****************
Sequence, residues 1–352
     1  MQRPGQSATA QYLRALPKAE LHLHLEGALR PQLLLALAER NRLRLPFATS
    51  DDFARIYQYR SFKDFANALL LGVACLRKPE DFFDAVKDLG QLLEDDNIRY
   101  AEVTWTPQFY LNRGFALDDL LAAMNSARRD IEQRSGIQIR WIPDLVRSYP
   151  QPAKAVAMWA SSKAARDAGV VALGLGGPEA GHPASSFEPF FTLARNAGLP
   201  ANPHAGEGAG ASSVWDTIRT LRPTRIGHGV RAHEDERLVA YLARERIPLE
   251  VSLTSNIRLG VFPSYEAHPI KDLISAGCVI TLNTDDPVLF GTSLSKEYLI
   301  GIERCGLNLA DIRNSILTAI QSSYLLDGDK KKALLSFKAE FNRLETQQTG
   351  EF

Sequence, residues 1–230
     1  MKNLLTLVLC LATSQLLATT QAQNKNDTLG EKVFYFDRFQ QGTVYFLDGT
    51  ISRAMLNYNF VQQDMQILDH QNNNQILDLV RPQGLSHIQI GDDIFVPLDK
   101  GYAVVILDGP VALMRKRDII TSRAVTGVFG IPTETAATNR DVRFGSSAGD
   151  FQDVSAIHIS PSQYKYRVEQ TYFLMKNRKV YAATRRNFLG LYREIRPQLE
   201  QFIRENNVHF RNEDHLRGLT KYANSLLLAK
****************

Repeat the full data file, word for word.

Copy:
Sequence, residues 1–352
     1  MQRPGQSATA QYLRALPKAE LHLHLEGALR PQLLLALAER NRLRLPFATS
    51  DDFARIYQYR SFKDFANALL LGVACLRKPE DFFDAVKDLG QLLEDDNIRY
   101  AEVTWTPQFY LNRGFALDDL LAAMNSARRD IEQRSGIQIR WIPDLVRSYP
   151  QPAKAVAMWA SSKAARDAGV VALGLGGPEA GHPASSFEPF FTLARNAGLP
   201  ANPHAGEGAG ASSVWDTIRT LRPTRIGHGV RAHEDERLVA YLARERIPLE
   251  VSLTSNIRLG VFPSYEAHPI KDLISAGCVI TLNTDDPVLF GTSLSKEYLI
   301  GIERCGLNLA DIRNSILTAI QSSYLLDGDK KKALLSFKAE FNRLETQQTG
   351  EF

Sequence, residues 1–230
     1  MKNLLTLVLC LATSQLLATT QAQNKNDTLG EKVFYFDRFQ QGTVYFLDGT
    51  ISRAMLNYNF VQQDMQILDH QNNNQILDLV RPQGLSHIQI GDDIFVPLDK
   101  GYAVVILDGP VALMRKRDII TSRAVTGVFG IPTETAATNR DVRFGSSAGD
   151  FQDVSAIHIS PSQYKYRVEQ TYFLMKNRKV YAATRRNFLG LYREIRPQLE
   201  QFIRENNVHF RNEDHLRGLT KYANSLLLAK